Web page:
“Distracted Driving” Mentioned As Top Traffic Safety Threat

“Distracted driving” remains one of the foremost threats to traffic safety.  While there are many behaviors that can lead to a driver being sufficiently distracted to the point of not being able to safely drive, texting and other cellphone usage remains the most problematical.  It is common to see drivers in DuPage County and the broader Chicago area to be texting or otherwise distracted while driving.

Various aspects of “distracted driving” – including how often it happens, why it is dangerous, and relevant Illinois laws – are discussed on the “Distracted Driving” page.

An excerpt from that page:

Texting while driving is particularly hazardous, for a number of reasons.  One reason is that texting while driving distractions are frequent and protracted in nature.  According to the CDC, texting is one distraction that takes the driver’s attention away from driving on a more frequent basis – and for longer periods – than other distractions.

Additionally, texting appears to be particularly prevalent among younger drivers.  In another 2011 study, the CDC found that “nearly half of all U.S. high school students aged 16 years or older text or email while driving.”

On March 29, 2018 the AAA Foundation For Traffic Safety released survey results from the annual Traffic Safety Culture Index regarding distracted driving.  The survey shows that distracted driving was the most popular response of growing traffic safety dangers.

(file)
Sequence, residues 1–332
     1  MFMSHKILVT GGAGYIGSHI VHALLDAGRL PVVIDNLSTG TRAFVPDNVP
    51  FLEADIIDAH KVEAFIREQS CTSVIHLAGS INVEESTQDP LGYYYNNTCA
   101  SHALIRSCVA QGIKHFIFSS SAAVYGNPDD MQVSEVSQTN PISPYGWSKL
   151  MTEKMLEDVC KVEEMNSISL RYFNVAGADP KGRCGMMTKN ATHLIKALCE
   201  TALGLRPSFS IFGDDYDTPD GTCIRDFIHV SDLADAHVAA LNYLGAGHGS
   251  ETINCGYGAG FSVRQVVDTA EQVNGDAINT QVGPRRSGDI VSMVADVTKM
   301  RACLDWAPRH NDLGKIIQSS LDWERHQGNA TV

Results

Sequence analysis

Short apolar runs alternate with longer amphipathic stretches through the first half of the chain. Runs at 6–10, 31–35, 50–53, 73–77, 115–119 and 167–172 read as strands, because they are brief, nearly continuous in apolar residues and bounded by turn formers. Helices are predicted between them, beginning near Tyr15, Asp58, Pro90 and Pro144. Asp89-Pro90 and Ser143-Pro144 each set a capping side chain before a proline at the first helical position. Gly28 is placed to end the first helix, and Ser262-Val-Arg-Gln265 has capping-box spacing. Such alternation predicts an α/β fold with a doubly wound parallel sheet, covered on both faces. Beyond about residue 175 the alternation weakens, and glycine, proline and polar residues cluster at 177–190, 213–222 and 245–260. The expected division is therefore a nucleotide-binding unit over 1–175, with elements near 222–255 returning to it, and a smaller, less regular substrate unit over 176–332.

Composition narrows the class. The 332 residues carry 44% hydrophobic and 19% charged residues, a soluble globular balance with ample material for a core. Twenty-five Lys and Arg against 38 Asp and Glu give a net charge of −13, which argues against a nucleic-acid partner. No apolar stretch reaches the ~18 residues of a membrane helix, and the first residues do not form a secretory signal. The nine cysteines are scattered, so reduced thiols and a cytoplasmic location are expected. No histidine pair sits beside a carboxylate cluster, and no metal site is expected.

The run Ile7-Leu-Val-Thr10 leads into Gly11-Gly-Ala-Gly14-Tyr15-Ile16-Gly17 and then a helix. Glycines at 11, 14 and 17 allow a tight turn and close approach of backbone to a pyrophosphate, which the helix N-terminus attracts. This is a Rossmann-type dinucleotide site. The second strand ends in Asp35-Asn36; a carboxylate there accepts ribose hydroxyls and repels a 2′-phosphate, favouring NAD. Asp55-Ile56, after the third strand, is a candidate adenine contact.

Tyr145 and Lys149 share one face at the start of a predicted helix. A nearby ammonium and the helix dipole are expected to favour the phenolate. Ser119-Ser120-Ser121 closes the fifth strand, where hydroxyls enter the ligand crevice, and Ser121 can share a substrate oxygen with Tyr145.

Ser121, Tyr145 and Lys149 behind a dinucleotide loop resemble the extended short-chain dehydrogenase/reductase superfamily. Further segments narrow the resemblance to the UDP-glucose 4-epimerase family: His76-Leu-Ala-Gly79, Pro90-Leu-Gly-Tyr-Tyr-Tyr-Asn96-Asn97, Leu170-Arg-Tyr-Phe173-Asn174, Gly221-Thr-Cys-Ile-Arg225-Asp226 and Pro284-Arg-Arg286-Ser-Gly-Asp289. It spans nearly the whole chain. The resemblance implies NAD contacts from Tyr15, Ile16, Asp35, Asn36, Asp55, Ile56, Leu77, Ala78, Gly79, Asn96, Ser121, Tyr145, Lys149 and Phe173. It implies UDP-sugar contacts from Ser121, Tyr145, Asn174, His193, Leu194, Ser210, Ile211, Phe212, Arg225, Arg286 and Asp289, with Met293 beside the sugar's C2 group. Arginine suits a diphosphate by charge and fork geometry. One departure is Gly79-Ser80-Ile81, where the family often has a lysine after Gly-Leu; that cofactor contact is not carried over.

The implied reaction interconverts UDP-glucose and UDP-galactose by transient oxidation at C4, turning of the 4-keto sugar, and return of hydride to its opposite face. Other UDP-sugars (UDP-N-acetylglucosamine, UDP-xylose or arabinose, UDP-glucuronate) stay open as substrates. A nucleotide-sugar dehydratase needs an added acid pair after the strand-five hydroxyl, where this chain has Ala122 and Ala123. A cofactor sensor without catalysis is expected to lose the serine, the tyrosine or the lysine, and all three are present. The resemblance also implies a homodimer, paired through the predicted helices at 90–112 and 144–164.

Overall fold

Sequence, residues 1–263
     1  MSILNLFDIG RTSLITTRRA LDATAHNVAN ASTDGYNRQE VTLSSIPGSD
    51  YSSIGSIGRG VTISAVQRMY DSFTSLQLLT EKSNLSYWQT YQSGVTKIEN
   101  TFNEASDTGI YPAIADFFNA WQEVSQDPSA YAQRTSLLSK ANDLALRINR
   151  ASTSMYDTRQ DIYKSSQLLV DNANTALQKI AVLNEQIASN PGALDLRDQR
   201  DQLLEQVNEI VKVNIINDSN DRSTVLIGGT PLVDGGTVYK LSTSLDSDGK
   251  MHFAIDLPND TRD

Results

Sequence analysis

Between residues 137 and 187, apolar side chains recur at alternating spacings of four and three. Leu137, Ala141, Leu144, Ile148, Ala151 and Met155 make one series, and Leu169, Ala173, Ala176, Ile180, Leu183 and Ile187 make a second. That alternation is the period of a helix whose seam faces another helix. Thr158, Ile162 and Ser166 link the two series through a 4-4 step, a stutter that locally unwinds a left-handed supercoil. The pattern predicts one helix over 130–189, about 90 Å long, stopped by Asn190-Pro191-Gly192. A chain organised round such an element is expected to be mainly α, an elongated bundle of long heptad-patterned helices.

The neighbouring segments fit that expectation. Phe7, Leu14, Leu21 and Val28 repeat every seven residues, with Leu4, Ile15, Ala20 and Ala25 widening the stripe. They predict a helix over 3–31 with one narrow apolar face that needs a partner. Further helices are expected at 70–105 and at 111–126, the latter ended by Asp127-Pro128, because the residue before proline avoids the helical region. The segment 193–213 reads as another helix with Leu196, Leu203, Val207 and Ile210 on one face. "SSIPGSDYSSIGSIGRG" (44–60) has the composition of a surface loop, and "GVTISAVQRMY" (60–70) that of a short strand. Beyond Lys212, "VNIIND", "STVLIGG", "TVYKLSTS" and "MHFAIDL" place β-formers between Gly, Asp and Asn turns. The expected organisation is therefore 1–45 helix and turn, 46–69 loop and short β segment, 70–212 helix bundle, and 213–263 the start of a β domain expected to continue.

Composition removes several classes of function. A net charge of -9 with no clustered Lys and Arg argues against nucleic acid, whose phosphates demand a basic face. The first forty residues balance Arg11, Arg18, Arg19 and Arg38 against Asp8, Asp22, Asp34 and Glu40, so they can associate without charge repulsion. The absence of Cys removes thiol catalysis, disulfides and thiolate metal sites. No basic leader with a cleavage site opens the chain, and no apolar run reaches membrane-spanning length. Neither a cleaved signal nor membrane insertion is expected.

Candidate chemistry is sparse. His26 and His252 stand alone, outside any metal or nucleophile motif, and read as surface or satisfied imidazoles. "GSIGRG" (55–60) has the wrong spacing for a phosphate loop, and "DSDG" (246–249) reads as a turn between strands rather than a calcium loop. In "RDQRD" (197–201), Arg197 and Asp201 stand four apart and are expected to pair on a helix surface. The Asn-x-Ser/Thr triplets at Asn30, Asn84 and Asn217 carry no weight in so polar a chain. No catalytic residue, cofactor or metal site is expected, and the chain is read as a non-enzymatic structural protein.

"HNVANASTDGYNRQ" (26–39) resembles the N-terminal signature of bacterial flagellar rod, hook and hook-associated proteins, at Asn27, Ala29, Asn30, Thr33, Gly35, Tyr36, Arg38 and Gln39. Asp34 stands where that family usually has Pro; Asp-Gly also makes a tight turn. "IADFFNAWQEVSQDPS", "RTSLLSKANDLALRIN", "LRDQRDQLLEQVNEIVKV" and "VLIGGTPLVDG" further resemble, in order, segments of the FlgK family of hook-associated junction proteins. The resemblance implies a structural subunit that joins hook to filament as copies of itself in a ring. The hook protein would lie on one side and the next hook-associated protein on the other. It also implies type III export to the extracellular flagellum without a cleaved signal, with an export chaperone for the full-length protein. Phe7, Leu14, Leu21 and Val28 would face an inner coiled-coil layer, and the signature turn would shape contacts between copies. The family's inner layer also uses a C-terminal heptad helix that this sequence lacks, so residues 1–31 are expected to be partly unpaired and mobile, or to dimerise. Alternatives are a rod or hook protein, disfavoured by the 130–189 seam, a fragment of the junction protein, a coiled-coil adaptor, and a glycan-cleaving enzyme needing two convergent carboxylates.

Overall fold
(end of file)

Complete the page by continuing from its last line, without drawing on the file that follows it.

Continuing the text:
An excerpt from the “Distraction Tops Drivers’ List of Growing Dangers on the Road” post:

Drivers in the AAA survey believe the problem of distracted driving has increased over the past three years, with nearly 50 percent reporting that they regularly see drivers emailing or texting while driving. Counterintuitively, federal estimates show the number of distracted driving crashes has actually dropped two percent. This may be due to the fact that it is difficult to detect distraction following a crash which makes distracted driving one of the most underreported traffic safety issues. According to government estimates, distraction plays a factor in just 14 percent of all crashes. However, past AAA Foundation research looking into teen drivers (one of the most vulnerable driving populations), used in-vehicle dash-cam videos to determine that distraction was a factor in 58 percent of crashes, 44 percent more than federal estimates.

The AAA post also mentions tips to help drivers from becoming “distracted” while driving.

Additional information concerning the dangers of driver distraction can be seen in the sources mentioned above.

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